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"Celebrity Apprentice:" Strawberry's Out

Former Major League slugger Darryl Stawberry took himself out of the game Sunday night on "The Celebrity Apprentice," leaving Donald Trump with little choice but to say "You're fired."

When the men's team took another loss and Olympian Michael Johnson found himself on the firing line, Strawberry stepped up to the plate and volunteered to go. Trump told him only two others had done that before and both later had regretted it.

Strawberry left without earning any money for his charity- a group that aids autism patients.

Photos: "Celebrity Apprentice"
Photos: Donald Trump
Photos: Ivanka Trump

When Johnson, who was project manager for the men's team, complained about Strawberry's action, Trump told him to get out before he changed his mind about whom to fire.

Bret Michaels appears to be again disrupting the team, but some of his suggestions were worth considering. Ditto for former Illinois Gov. Rod Blogojevich, who asked Johnson to consider another spokesperson for their project and was quickly squelched.

Blogojevich continues to provide entertainment. This week, viewers learned that he could not use a computer. Trump's explanation for why the indicted public official couldn't speak candidly about his fellow teammates was priceless: Blogojevich can't badmouth one of the celebs on his team, lest fans of that celeb turn up on his jury.

Meanwhile the governor continue to proclaim his innocence to everyone he meets.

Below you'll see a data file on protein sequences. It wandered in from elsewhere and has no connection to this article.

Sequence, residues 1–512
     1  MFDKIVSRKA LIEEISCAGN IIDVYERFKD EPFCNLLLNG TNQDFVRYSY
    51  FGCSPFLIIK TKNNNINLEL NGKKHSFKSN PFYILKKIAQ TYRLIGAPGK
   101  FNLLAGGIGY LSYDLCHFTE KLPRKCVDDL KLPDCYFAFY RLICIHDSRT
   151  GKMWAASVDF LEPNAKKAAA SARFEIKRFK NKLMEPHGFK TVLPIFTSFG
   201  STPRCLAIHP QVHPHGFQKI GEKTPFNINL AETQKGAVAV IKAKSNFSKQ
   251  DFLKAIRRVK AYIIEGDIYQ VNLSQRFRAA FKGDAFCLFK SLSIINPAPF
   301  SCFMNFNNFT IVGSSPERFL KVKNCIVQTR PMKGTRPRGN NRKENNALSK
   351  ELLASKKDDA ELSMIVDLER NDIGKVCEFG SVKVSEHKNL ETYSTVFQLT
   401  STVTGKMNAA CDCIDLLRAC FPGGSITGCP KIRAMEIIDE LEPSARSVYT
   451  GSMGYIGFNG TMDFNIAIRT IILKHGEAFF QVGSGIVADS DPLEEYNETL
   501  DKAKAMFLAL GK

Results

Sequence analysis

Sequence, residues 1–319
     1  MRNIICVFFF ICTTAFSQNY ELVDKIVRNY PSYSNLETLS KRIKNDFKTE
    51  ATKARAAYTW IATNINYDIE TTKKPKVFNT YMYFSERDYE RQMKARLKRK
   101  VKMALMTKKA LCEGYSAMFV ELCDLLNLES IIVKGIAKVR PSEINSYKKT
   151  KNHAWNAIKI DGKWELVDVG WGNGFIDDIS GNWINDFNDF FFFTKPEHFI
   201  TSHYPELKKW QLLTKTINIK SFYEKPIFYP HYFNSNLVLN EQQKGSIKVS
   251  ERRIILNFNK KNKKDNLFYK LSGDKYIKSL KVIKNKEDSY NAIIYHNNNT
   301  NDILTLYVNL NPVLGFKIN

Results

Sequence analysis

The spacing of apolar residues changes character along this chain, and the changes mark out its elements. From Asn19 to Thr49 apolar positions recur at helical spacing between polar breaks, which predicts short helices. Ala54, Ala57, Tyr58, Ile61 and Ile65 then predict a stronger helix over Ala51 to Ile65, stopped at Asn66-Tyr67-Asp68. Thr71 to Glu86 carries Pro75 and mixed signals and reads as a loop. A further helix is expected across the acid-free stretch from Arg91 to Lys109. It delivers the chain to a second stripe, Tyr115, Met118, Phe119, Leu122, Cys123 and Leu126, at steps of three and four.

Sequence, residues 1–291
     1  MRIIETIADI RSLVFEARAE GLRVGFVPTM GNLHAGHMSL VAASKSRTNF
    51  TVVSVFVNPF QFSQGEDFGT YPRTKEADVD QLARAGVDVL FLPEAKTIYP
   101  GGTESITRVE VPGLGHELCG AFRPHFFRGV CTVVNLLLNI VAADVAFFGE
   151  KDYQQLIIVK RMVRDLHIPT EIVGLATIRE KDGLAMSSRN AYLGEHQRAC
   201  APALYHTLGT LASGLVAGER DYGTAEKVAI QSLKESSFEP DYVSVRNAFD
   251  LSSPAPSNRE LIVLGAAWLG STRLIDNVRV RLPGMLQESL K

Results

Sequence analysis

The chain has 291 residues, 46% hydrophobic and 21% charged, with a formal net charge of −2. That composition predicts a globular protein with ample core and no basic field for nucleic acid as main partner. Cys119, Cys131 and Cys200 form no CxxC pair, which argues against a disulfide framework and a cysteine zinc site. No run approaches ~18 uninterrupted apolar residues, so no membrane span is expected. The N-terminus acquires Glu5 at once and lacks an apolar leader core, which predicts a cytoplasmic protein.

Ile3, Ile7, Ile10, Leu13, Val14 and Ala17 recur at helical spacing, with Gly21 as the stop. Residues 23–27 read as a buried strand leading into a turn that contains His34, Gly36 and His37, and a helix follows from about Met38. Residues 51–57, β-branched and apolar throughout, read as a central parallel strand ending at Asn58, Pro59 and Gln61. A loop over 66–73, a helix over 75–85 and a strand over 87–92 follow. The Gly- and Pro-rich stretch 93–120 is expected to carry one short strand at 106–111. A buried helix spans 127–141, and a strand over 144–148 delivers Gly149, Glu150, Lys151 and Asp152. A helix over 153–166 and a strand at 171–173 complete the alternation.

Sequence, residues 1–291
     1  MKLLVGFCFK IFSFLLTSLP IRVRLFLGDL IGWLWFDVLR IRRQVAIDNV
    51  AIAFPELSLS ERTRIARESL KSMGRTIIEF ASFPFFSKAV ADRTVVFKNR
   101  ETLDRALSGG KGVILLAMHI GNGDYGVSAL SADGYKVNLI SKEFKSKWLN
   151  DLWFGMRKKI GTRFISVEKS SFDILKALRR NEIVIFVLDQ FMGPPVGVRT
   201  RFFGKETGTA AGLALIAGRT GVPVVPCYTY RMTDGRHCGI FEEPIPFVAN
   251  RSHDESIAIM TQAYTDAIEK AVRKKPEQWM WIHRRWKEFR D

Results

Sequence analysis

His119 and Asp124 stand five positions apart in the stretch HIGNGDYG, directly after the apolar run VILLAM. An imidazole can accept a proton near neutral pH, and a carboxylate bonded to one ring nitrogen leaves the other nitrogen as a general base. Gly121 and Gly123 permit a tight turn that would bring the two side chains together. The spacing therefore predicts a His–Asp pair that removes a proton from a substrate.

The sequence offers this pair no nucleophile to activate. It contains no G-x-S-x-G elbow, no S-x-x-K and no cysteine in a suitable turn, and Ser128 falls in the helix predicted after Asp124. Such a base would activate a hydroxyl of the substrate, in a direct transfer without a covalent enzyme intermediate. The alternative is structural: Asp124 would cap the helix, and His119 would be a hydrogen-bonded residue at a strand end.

On the winning women's team, the divisive member appears to Cyndi Lauper. The singer's feelings were hurt when Olympian Summer Sanders, the project manager who earned $20,000 for her charity, passed over her in favor of Sharon Osbourne as celebrity spokesperson. Sanders later compounded the problem with comments she made in the board room.

The task this week was to create a four-page advertorial for a new identity theft protection package produced by partners LifeLock, a the leader in dentity theft protection, and Norton, known for its Internet security projects.

Neither side produced what the sponsors wanted, but the arresting images in the woman's brochure won the approval of execs from the two companies. The execs said the women could have provided a little more copy, especially a phone number for ordering the product. But they faulted the men for too much copy, a poor choice of fceleb spokesman and photrographs that failed to draw in the consumer.

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